The first look at the reboot of classic movie horror The Invisible Man has arrived, and it looks horribly creepy.
Leigh Whannel is behind it – with Universal and Blumhouse producing – the writer of the Saw and Insidious movies, who's now turned director.
Read more: Scream 5 in development
And the premise is particularly disturbing, finding Handmaid's Tale star Elisabeth Moss playing Cecilia Kass, a woman trapped in an abusive relationship with Oliver Jackson-Cohen's genius scientist Jack Griffin.
After she escapes and retreats into hiding, she learns that Griffin has died by suicide, and has left her everything.
But when creepy things start happening to her and her friends, she begins to think that maybe he's not gone after all.
The first pictures have debuted in Entertainment Weekly, with Whannell telling the magazine: “The image of the Invisible Man in the floating trench coat and the floating sunglasses is one that is clearly etched into the public consciousness.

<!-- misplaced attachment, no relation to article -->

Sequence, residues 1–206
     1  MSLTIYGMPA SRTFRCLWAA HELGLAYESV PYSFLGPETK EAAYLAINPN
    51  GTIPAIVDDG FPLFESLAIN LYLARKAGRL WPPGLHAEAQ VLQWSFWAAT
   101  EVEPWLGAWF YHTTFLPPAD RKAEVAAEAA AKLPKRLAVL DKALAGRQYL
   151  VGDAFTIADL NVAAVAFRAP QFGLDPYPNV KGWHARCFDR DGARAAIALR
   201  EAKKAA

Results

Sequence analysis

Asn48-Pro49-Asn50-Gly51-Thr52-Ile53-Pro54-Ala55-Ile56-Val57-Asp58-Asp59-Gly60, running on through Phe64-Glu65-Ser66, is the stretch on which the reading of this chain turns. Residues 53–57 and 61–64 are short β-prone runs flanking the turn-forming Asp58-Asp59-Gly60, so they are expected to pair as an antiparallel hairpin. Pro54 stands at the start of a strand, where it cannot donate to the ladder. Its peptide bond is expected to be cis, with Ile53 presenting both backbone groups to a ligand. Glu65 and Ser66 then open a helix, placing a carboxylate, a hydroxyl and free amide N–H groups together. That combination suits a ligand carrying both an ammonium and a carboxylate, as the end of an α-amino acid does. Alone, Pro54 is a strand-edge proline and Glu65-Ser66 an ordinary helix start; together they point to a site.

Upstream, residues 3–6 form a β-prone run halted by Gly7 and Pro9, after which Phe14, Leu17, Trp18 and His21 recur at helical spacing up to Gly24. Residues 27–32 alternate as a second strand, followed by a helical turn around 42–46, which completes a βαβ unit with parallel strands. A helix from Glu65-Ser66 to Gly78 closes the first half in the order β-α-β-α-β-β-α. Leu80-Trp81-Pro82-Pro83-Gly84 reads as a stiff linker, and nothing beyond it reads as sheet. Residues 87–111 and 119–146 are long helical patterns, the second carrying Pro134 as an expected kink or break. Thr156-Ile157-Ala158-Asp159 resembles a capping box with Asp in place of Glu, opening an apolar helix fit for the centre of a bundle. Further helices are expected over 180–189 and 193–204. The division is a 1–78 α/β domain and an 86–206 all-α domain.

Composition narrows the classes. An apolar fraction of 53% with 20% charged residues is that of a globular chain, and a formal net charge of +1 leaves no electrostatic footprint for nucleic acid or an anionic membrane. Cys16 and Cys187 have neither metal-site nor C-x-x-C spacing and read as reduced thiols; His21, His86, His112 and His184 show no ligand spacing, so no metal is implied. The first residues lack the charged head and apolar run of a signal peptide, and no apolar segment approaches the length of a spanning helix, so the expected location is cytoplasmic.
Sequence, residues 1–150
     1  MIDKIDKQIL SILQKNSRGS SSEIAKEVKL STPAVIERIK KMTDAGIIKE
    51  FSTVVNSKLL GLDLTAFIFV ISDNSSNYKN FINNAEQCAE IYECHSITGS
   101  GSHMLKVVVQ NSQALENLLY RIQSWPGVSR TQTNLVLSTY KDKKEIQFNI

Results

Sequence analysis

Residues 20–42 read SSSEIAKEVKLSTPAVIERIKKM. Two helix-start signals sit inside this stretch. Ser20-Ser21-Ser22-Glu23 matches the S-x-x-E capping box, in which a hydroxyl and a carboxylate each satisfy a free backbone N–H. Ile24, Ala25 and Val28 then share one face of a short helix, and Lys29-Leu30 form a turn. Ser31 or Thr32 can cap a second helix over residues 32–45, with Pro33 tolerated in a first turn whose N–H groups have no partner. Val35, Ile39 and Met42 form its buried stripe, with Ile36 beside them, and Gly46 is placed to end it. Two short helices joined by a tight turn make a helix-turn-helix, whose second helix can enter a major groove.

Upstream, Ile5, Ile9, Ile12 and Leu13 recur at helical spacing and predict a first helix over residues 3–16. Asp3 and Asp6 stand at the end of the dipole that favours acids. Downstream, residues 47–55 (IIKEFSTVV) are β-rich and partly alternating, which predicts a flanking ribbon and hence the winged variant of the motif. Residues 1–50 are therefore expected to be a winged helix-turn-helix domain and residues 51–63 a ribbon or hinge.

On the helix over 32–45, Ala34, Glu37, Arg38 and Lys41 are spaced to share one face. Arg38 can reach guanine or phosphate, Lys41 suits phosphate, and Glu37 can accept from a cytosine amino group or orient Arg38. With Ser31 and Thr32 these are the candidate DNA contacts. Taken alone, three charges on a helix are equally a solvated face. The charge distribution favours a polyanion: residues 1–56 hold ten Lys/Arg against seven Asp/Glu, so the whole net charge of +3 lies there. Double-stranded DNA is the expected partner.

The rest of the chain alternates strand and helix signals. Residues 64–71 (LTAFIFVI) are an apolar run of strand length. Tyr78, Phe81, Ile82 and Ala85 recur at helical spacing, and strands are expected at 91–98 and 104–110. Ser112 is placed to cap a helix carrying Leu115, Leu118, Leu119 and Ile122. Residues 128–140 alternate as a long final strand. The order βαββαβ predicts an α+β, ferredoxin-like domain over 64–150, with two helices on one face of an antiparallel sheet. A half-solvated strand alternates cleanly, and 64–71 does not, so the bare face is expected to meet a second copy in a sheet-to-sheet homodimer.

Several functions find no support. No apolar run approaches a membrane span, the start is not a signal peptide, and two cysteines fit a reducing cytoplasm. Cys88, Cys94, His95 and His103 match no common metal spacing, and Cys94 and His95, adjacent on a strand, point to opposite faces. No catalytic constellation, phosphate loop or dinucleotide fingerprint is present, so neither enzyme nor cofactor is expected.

“I wanted to kind of get away from that and make something that was really modern, really grounded, or as grounded as you can be when you’re dealing with a film called The Invisible Man. Just something that was really tense and scary in a way The Invisible Man hasn’t been before.”
“The script is really a one-woman show,” he added. “Elisabeth Moss is the centerpiece of the film, and she’s in pretty much every scene. I feel like, if you’re going to hang an entire film on someone’s shoulders, you need an actor as good as Lizzie.”
The movie is part of Universal's rebooting of its classic 'monster' catalogue of screen characters, though it suffered a rocky start.
The studio announced its 'Dark Universe' in 2014, with Dracula Untold starring Luke Evans.
Though the movie bombed, it announced it would reboot The Mummy with Tom Cruise and Sofia Boutella in 2017, followed by more planned films with Russell Crowe as Doctor Jekyll, Javier Bardem as Frankenstein's monster, and Johnny Depp as the Invisible Man.
But after The Mummy reboot tanked, the whole thing was shelved, re-emerging with indie horror studio Blumhouse attached.
Another movie, Dark Army, to be helmed by Paul Feig, is also in development.
The Invisible Man is set for set for release in February, 2020.